A newspaper ad attacking Gen. David Patraeus leaves Republicans fuming and Democrats squirming.
The ad, produced and paid for by the liberal activist group MoveOn.Org calls Patraeus “General Betray Us” and leaves a sour taste in the mouths of both proponents and opponents of President George W. Bush’s failed war in Iraq.
Democrats worry that the ad will turn Americans against them because it attacks the man leading soldiers who are fighting in the field. Republicans see it as a chance to question the patriotism of opponents of the war.
Republicans have called on Democrats to denounce the ad. While Democratic leaders refuse to take a public position on the ad, senior Dems in the House and Senate admit they are uncomfortable with the tone of the television spot.
A senior Democratic leadership aide called the ad an “unnecessary distraction” and said Democrats are prepared to focus on “Petraeus executing a mismanaged mission.”
House Minority Leader John Boehner, R-Ohio, said, “Democratic leaders must make a choice today: Either embrace the character assassination tactics Moveon.org has leveled against the four-star general leading our troops in the fight against al Qaeda, or denounce it as disgraceful.”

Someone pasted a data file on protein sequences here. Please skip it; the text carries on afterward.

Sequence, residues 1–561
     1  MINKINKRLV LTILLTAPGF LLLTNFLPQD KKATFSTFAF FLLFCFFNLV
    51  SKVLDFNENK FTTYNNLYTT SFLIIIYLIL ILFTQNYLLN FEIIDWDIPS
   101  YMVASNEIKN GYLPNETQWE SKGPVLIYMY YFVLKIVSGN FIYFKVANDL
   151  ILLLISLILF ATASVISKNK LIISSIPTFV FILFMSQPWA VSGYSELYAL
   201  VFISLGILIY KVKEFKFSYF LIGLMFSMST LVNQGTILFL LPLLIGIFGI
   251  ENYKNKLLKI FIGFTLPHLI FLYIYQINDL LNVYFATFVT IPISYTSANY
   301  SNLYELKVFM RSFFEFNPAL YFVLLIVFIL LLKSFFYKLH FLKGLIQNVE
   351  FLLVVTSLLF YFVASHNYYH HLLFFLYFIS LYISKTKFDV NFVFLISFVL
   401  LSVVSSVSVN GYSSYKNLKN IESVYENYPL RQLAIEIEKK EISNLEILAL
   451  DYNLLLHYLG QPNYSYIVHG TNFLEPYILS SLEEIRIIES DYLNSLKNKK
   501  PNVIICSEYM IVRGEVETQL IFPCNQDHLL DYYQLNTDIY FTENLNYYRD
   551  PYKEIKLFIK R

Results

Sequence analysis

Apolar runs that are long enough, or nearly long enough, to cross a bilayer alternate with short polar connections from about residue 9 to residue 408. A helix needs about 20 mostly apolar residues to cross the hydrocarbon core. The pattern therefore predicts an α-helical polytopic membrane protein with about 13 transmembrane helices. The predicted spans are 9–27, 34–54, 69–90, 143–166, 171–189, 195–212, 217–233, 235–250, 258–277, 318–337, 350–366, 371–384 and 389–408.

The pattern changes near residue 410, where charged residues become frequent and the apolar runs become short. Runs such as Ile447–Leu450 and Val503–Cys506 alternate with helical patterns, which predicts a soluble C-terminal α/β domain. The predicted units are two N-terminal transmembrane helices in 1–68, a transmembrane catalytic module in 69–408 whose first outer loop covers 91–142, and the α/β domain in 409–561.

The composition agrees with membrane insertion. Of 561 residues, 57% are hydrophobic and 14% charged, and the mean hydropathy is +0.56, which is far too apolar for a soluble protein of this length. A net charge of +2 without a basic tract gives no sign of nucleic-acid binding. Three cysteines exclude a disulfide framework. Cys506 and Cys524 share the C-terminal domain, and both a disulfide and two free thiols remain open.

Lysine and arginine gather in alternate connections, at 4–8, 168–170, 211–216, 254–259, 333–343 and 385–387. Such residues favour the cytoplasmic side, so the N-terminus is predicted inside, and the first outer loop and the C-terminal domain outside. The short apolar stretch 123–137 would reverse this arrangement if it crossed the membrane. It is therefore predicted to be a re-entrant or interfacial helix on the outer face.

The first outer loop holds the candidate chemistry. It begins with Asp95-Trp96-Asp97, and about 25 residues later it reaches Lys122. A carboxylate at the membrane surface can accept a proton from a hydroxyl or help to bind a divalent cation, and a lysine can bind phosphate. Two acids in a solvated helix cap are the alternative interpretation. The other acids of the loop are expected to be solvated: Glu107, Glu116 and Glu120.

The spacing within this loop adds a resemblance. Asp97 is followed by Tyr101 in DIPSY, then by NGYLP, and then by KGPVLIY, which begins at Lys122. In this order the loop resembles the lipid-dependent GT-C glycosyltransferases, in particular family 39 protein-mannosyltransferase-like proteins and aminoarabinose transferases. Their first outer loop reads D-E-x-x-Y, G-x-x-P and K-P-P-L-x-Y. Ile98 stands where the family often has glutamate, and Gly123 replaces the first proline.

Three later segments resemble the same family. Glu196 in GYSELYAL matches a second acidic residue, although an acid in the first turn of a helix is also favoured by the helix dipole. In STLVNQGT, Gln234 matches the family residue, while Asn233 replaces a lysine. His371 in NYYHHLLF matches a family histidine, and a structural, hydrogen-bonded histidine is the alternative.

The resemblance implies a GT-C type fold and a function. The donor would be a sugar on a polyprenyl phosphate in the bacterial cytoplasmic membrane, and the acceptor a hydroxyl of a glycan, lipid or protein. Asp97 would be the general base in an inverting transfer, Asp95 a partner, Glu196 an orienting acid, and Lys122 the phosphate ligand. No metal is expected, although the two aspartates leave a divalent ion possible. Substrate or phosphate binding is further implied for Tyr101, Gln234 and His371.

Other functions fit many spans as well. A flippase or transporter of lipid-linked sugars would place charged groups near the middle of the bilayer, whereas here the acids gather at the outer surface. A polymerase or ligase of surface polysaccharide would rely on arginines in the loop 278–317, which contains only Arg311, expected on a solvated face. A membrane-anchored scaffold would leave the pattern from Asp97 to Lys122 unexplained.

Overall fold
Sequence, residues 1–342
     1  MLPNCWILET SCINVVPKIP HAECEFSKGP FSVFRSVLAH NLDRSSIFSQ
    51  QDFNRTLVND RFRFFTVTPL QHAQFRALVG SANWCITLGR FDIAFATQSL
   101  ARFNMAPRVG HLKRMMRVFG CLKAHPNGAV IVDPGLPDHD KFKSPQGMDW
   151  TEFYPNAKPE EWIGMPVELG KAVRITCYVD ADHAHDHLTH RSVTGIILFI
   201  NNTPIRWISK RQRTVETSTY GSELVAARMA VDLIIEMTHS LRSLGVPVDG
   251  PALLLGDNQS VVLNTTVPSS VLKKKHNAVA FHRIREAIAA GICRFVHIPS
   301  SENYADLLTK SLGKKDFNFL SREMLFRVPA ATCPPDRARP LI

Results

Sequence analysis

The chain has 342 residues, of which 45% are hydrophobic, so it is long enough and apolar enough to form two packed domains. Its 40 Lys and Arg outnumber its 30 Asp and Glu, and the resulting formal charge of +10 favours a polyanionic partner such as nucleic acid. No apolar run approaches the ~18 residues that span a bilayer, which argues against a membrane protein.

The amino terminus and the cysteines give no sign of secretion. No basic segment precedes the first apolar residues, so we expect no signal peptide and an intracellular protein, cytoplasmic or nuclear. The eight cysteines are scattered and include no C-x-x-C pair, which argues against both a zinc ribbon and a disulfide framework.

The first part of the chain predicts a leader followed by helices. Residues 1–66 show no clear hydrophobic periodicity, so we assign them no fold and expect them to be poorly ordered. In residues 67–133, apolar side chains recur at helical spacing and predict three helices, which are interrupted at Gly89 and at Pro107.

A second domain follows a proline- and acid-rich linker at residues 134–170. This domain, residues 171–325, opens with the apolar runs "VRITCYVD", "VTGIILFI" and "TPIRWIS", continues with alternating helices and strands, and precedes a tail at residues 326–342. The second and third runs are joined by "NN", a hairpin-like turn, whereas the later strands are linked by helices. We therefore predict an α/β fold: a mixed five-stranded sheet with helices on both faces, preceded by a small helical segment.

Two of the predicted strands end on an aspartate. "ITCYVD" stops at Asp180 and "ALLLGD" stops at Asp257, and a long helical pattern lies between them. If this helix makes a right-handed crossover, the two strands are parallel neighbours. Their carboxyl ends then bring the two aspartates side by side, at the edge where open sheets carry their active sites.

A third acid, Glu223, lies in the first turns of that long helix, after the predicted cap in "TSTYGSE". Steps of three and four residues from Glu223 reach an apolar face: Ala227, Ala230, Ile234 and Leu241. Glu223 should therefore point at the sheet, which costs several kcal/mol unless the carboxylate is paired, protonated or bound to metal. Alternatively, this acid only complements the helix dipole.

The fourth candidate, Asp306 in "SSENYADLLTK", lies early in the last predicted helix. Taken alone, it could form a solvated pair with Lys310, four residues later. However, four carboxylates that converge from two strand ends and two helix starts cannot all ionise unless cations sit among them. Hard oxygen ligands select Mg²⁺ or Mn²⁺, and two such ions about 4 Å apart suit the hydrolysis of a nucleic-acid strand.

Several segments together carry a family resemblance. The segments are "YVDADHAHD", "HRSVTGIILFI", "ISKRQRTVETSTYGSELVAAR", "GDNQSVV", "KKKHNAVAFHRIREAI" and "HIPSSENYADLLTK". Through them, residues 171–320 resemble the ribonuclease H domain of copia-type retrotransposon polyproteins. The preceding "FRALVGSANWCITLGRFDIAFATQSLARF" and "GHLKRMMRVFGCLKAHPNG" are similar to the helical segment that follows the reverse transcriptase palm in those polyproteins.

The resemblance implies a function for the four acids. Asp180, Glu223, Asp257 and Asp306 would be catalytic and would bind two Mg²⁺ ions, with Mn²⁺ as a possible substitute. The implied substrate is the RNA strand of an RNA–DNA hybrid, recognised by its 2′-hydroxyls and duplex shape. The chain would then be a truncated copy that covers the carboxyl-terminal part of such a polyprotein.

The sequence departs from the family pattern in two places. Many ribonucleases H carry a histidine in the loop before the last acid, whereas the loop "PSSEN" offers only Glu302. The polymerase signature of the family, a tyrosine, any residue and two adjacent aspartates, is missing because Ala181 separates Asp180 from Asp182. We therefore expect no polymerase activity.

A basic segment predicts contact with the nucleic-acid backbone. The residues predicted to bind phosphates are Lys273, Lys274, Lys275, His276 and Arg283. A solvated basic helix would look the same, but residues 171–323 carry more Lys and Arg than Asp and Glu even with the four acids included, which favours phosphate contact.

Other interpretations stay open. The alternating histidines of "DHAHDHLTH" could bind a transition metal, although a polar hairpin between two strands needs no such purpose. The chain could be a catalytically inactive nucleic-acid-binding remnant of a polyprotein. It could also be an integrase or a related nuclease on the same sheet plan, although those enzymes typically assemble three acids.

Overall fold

“Gen. Petraeus and the other commanders in the U.S. Armed Services have dedicated their lives to defending the very freedom that enables MoveOn.org the right to free speech. I support that right, but I find the way they have chosen to exercise it today to be disrespectful and downright reprehensible,” Boehner said in a statement.
Sen. Joe Lieberman, I-Connecticut, also called on the Democratic leadership to “denounce MoveOn.org’s attack on Gen. Petraeus.” Lieberman has been supportive of President Bush’s efforts in Iraq.
Congressional Democrats showed an eagerness to distance themselves from the ad.
Asked early Monday if this was the right message for his party to send, a member of the Democratic leadership, speaking on background, curtly answered, “No.”
Sen. John Kerry, D-Massachusetts, called the ad “over the top.”
“I don’t like any kind of characterizations in our politics that call into question any active duty, distinguished general who I think under any circumstances serves with the best interests of our country,” said Kerry, the 2004 Democratic presidential candidate and a decorated veteran.
“I think there are a lot of legitimate questions that need to be asked, a lot of probing that ought to take place; there’s a lot of legitimate accountability that needs to be achieved. It ought to be done without casting any aspersions on anyone’s character or motives,” he added.